Why do we have classifications for protection against electric shock? – Protection against electrical shock is important because electric shock is one of the main areas of concern in most electrical safety standards as the shock hazard can cause harm to the OPERATOR or PATIENT or even death. The main reason is we want to protect the PATIENT, who may have a depressed immune system from getting an electric shock that could injure or potentially kill the PATIENT. The depressed immune system makes them more likely to be harmed by an electric shock. We also want to consider the OPERATOR of the device, but they should not have a depressed immune system, so the worst-case to consider is the PATIENT.
What are the classifications for protection against harmful ingress of water or particulate matter? – There is a wide variety of these classifications (per sub-clause 6.3 of IEC 60601-1), and they are based on the standard IEC 60529 (http://bit.ly/IEC60529) titled “Degrees of protection provided by enclosures (IP Code).” The IP Codes range from IP00 to IP68, which means respectively no protection against contact and ingress of objects along with not being protected against liquid ingress (IP00) to No ingress of dust; complete protection against contact along with protected against the effects of continuous immersion in water (IP68). Table D.3, 2nd row (copied below), in the IEC 60601-1 standard details all the classifications in a summary list.
Why do we have classifications for protection against harmful ingress of water or particulate matter? – The reason we want to protect the ENCLOSURES of the device is to protect against ingress of these items (liquids and particulates), so they reduce the possibility of causing a hazard, such as a short based on bridging the electronics of the device causing potentially a fire hazard, a shock hazard, a thermal hazard, or other potential hazards.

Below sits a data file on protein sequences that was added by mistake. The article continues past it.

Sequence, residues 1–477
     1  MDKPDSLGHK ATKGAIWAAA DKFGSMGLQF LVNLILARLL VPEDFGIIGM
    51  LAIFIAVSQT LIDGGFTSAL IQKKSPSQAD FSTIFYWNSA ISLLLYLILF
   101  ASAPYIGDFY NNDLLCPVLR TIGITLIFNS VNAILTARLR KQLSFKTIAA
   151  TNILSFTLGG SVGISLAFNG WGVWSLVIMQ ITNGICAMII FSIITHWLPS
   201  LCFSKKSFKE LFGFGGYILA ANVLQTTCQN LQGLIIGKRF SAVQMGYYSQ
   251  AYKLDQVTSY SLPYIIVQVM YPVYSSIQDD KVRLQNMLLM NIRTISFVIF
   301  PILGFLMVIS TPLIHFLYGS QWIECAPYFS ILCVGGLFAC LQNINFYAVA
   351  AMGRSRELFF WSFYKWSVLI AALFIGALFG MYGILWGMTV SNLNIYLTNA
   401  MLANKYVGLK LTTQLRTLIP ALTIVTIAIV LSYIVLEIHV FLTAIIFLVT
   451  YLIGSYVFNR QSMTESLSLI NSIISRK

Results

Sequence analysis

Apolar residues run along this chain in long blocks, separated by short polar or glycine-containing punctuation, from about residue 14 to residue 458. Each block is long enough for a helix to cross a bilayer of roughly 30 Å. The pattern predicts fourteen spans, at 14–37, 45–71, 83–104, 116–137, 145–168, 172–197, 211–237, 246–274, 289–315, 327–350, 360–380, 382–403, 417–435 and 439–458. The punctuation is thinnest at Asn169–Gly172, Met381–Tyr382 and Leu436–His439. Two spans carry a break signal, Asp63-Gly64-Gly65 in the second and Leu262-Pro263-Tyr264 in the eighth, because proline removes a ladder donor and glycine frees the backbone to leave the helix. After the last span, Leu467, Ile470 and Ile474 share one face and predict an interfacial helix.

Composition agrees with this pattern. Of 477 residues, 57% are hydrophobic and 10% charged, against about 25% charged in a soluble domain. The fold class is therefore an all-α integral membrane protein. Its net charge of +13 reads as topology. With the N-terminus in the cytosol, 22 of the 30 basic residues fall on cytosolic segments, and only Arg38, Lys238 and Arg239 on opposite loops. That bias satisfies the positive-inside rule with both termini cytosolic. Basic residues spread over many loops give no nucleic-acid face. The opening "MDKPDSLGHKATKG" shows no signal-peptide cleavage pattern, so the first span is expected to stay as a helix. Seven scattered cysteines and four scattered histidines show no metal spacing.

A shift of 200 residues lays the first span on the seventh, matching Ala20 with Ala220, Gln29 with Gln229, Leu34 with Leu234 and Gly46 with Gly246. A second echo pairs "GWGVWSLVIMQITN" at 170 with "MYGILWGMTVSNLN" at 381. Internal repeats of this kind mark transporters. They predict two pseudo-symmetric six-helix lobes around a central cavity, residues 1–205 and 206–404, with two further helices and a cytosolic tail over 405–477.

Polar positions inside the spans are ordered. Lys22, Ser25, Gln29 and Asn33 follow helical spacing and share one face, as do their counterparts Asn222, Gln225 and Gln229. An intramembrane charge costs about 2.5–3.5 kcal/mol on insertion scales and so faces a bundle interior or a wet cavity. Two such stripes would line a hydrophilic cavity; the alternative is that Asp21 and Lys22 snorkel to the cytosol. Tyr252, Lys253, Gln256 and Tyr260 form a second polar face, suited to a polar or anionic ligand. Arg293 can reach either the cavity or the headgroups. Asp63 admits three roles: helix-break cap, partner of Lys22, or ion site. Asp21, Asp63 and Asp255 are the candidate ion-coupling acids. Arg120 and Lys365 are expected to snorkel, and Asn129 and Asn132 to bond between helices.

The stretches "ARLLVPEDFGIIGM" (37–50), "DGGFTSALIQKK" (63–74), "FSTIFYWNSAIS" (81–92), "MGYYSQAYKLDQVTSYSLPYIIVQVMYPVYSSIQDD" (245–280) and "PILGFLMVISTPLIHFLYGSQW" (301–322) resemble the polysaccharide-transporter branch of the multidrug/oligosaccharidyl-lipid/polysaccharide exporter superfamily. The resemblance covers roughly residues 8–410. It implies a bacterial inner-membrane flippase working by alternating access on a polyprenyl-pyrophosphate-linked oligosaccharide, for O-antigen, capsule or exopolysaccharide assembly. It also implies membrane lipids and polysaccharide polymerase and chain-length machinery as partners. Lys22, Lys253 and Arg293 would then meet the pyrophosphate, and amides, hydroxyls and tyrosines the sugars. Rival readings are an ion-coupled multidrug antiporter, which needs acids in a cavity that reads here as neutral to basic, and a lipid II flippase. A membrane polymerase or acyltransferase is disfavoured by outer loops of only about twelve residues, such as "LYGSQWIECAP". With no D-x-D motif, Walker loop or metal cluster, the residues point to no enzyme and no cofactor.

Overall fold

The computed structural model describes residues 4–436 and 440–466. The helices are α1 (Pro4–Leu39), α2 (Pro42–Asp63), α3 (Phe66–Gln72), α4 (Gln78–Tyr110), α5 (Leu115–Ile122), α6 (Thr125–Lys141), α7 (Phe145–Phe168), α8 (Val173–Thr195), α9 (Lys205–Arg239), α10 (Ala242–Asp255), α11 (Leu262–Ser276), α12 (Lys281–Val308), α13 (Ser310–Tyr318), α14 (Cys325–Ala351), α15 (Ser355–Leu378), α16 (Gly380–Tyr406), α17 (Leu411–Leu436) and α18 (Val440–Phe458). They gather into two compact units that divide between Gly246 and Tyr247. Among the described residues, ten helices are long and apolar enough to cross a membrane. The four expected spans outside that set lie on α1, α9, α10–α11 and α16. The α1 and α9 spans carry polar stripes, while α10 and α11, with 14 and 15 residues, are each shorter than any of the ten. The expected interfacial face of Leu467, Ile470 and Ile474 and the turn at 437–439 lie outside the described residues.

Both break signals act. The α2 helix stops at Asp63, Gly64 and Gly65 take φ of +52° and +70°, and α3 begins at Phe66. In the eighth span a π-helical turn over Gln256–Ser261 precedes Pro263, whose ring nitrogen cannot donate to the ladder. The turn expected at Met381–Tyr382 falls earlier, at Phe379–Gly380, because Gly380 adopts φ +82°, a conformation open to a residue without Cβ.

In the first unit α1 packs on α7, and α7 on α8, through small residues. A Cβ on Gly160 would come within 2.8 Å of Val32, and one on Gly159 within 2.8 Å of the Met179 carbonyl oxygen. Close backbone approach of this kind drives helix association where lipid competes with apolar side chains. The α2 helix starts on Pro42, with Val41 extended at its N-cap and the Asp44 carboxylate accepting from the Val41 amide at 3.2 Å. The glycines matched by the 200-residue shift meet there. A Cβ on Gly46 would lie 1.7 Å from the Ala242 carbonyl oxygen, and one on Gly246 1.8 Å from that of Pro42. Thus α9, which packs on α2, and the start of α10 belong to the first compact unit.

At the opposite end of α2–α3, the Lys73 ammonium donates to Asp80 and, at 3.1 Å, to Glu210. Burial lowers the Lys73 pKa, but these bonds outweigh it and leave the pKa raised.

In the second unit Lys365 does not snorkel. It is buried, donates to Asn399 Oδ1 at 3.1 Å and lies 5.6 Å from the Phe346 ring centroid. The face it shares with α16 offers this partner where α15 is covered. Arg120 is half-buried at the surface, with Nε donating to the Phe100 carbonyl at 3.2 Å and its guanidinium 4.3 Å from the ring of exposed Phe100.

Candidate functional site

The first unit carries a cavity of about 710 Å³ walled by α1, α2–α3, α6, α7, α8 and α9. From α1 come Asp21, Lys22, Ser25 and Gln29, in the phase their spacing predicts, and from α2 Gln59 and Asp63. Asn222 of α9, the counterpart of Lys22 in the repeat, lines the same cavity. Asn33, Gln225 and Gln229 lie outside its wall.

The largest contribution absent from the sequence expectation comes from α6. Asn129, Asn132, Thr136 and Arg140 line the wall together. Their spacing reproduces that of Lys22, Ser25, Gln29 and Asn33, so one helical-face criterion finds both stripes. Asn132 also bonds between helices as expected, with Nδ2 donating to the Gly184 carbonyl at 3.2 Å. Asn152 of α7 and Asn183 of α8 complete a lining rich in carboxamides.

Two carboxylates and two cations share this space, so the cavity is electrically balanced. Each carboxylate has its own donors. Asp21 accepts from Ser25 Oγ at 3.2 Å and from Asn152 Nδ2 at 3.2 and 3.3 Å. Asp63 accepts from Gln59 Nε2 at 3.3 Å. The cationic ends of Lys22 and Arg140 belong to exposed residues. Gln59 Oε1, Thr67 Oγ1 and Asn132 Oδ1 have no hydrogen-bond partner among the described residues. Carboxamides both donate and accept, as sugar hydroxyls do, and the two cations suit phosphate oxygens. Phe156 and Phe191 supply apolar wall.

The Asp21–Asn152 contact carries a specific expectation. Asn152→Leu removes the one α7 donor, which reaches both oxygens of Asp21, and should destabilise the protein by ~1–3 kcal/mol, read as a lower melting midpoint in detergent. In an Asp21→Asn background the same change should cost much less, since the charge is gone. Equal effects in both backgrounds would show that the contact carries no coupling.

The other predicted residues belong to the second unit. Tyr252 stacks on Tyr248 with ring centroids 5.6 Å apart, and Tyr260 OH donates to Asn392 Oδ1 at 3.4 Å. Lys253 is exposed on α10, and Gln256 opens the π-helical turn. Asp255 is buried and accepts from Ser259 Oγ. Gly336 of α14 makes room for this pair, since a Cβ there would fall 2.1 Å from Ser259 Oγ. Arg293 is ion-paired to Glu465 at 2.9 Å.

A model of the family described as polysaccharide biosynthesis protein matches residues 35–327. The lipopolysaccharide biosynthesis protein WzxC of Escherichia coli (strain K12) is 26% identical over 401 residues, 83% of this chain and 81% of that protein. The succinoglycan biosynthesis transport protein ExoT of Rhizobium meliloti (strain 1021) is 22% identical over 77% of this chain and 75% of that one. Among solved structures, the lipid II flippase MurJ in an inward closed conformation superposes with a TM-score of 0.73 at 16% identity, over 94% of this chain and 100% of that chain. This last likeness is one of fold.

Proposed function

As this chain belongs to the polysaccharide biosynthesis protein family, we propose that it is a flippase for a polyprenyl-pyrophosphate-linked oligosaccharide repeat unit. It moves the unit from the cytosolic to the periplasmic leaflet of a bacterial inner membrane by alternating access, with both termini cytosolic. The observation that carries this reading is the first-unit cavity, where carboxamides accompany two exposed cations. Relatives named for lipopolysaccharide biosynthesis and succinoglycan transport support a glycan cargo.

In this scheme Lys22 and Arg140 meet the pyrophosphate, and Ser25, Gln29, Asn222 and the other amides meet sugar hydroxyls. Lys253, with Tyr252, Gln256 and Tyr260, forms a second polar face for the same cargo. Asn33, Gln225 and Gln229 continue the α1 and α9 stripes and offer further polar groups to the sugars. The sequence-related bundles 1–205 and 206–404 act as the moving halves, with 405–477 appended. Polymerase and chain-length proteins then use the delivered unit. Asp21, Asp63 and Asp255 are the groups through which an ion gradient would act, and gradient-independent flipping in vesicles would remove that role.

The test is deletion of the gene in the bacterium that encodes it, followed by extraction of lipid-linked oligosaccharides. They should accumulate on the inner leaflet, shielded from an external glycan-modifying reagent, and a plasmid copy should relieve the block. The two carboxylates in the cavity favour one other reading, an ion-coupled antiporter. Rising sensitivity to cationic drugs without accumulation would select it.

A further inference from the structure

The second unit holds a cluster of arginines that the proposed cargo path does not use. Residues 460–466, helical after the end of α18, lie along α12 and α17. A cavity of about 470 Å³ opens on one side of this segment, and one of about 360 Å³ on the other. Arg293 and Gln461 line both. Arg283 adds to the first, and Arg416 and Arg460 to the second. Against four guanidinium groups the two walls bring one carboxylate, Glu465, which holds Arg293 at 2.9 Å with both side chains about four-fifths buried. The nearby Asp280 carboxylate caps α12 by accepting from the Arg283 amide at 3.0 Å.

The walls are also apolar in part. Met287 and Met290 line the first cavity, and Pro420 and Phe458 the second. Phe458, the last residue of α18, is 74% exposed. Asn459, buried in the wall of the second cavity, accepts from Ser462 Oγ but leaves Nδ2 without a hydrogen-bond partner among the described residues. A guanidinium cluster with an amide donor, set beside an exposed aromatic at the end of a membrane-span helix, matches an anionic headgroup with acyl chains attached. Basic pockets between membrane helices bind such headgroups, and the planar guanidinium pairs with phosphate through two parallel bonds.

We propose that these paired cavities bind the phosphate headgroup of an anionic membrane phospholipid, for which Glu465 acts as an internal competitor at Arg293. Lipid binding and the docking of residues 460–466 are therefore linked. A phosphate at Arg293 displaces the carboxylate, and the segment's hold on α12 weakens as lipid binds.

What are the classifications for methods of sterilization? – For any part of the ME EQUIPMENT or its parts intended to be sterilized needs to be classified per the requirements of sub-clause 6.4. Classifications are based on the types of sterilization methods used in the medical device industry currently such as ethylene oxide (EtO), irradiation by gamma radiation, and moist heat by autoclave. The standard also mentions “…other methods validated and described by the MANUFACTURER.” Classification of sterilization methods is critical because each sterilization method presents unique environmental conditions that can adversely affect the ME EQUIPMENT. For example, EtO Sterilization frequently includes a vacuum cycle which may not be suitable for embedded batteries.
Why do we have a classification for suitability in an oxygen-rich environment? – The RISK of fire in an OXYGEN RICH ENVIRONMENT is considered to exist when a source of ignition is in contact with ignitable material (i.e., flammable materials) and there is no barrier (i.e., a solid enclosure) to prevent the spread of fire.
What are the classifications for modes of operation? – There are two modes of operation described in IEC 60601-1, edition 3.1: 1) CONTINUOUS OPERATION, and 2) non-CONTINUOUS OPERATIONS. When a device is classified as non-CONTINUOUS OPERATION, there is some type of duty cycle involved, so the device is rated properly. A duty cycle means the device is rated to be on for a certain period of time and off for a certain period of time. Many times the duty cycle is required, so a device may pass the EXCESSIVE temperatures in the ME EQUIPMENT test in sub-clauses 11.1.1 & 11.1.2 so as not to exceed the limits of the test requirements.
If you have questions about this topic or need help with compliance to the IEC 60601 series of Standards, you can email Leo Eisner (http://bit.ly/ConnectwithLeo) directly at Leo@EisnerSafety.com or call Leo at +1-(503)-244-6151. He is the owner and founder of Eisner Safety Consultants (http://bit.ly/LeoEisner).